- PRACTICE MINDFULNESS: Learning to become more mindful and live in the present can be a strategy for how to deal with obsessiveness in a relationship. When you become more mindful, you can focus on the present and let thoughts come and go without being fixated on them. It’s hard to slow down and notice things in a busy world, try to take the time to experience your involvement with all your senses, your touch, your sound, your taste, your smell, your sight, essentially live in the moment, stop and smell the roses. Treat yourself the way you treat a good friend.
- KEEP FAMILY AND FRIENDS CLOSE: Sometimes you may not realize you’re being obsessive in a relationship but if friends and family share that worry with you, they’re probably genuinely concerned and almost always correct. At the same time if you worry that you’re being too obsessed you can actually count on your closest loved ones, to be honest with you and to offer their suggestions.
- JOURNAL YOUR THOUGHTS: When you experience an obsessive thought, write it down, you may find it has less power. Journaling can be a way of calming your mind and alleviating whatever feelings that are leading you to be so obsessive in your relationship. Once you have it on paper, it will make more sense to you.
- IS CODEPENDENCE THE PROBLEM: Codependent people tend to be obsessed over the well-being of the people around them, to the point that they feel responsible for other people even in an adult relationship. So if you feel compelled to obsess over your significant other’s every need, and think you need to fix them or be the hero in their life, you could be codependent and you want to look into it.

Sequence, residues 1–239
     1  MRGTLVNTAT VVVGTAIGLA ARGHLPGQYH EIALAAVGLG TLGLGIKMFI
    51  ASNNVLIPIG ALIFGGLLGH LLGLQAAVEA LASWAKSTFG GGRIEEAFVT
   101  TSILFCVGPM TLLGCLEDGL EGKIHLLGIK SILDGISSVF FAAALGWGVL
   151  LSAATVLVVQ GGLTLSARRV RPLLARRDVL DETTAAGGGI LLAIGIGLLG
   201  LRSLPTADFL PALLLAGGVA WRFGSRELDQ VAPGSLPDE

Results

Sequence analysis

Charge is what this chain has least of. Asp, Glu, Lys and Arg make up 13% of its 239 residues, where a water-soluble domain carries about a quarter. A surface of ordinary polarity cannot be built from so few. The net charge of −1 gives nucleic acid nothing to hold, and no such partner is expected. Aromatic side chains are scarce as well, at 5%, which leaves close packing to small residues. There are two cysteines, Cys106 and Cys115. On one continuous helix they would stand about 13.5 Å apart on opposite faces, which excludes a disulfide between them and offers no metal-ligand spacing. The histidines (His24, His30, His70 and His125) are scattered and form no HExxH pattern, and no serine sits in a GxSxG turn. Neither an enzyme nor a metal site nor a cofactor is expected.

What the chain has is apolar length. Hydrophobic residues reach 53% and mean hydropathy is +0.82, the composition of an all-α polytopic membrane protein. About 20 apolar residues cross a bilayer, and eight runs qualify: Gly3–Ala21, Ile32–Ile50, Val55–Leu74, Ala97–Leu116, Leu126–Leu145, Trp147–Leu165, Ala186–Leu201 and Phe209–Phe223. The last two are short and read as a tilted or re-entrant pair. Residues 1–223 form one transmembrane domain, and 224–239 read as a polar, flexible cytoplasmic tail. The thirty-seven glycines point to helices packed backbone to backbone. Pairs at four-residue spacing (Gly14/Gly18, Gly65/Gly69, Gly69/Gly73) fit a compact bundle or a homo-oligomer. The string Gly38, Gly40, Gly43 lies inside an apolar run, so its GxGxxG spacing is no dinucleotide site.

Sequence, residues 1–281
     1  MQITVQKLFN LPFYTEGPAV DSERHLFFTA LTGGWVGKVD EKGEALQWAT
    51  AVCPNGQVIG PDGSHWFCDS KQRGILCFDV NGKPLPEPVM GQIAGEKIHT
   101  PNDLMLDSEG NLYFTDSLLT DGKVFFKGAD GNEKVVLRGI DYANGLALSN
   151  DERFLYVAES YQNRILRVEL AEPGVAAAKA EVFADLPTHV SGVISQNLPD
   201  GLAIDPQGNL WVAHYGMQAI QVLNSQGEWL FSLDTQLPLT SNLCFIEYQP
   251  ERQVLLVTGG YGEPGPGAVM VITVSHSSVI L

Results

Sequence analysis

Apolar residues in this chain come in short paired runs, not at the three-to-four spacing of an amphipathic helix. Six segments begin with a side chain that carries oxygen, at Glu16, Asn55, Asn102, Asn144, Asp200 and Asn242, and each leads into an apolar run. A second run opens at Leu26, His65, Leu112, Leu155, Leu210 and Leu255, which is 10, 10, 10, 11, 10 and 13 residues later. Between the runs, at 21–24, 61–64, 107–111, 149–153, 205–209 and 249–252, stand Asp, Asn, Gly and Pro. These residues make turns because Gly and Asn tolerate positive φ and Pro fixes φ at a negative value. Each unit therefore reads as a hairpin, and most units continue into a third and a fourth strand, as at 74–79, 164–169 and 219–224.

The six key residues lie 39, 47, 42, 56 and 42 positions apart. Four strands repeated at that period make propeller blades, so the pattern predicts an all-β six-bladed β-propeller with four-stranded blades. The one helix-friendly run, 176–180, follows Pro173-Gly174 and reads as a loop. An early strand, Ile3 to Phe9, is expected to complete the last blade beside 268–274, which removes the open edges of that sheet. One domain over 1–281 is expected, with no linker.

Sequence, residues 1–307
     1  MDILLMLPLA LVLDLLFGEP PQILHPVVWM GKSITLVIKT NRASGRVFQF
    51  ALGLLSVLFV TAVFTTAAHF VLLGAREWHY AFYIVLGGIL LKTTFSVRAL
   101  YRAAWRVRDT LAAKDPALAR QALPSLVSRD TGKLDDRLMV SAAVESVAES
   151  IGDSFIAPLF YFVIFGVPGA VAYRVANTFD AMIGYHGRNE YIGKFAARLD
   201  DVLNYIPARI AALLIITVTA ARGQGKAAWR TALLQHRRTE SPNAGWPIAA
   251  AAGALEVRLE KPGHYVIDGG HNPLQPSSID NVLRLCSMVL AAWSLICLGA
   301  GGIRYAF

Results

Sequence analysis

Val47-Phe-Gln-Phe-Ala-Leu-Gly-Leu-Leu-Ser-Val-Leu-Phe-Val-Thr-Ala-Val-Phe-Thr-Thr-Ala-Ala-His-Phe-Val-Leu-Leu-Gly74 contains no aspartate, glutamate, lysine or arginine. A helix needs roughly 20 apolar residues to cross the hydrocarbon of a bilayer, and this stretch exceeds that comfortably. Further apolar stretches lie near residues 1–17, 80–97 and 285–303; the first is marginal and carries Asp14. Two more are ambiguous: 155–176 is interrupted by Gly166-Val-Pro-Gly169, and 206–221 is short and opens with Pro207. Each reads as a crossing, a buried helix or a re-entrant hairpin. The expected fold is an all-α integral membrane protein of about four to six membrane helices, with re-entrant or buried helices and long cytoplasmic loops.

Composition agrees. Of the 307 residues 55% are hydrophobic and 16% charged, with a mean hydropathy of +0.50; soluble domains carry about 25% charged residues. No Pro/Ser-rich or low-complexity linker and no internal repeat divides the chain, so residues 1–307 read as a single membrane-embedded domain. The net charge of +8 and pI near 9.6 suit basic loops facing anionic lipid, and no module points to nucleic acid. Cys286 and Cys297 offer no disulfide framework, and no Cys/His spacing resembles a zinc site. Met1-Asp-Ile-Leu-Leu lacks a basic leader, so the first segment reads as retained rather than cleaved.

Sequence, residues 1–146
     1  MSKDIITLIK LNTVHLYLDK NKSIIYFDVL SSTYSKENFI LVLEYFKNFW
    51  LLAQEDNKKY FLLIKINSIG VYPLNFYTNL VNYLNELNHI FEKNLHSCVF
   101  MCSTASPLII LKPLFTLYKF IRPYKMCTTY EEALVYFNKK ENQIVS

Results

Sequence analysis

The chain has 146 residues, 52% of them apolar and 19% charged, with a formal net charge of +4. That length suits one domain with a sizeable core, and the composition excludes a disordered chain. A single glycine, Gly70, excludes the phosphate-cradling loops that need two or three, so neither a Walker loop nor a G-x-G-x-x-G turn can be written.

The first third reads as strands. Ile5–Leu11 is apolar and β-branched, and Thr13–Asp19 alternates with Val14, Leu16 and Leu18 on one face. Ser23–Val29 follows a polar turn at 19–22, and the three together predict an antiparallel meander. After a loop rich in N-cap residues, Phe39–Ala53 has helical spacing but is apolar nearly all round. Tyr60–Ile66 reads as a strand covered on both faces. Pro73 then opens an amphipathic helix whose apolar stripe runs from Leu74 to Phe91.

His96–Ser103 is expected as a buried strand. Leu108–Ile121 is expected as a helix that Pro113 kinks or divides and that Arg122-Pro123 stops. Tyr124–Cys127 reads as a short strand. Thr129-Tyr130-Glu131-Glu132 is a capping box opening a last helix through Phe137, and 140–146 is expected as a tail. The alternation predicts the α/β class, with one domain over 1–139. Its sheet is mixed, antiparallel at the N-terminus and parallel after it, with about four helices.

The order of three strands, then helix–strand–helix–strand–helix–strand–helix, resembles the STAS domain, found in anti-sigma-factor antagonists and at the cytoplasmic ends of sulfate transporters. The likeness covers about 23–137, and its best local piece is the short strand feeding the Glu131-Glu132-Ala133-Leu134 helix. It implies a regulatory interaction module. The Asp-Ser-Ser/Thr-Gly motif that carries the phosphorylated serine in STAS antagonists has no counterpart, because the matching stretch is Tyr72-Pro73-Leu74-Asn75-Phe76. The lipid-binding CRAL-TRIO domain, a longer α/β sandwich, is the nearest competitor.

- OBSESSION CAN BE DANGEROUS: If you’re struggling with how to stop being obsessive in a relationship, you want to take a step back and recognize that being obsessive in your relationship can be unhealthy and even dangerous. At the very least being obsessive can lead to toxic relationship dynamics in which you’d want to control your partner, and prevent them from having outside interests. In the worst cases, obsessive behavior in relationships can cause you to violate your partner’s rights, for instance, they may feel they do not have the right to leave the house without your permission. Some obsessive partners may even resort to psychological abuse and physical aggression to control their partners and that is extremely unhealthy
- SPEND TIME WITH PEOPLE: If you become obsessive in your relationship you might want to consider enjoying time with family, friends, and people that care. When you’re struggling to accept the fact that your significant other has outside interests and friendships, you can be helpful to yourself and pursue friendships of your own, find a friend. As you spend more time apart, you might realize that you actually enjoy the time that you spend apart. Prioritize spending time for your own interests and your friendships and this can help you overcome being obsessive in the long run.
- SEEK PROFESSIONAL SUPPORT: Sometimes there can be an underlying issue, such as a mental health condition that is leading to an unhealthy obsession with a person. If you’re in a committed relationship you may benefit from undergoing relationship therapy to help you address this obsessiveness.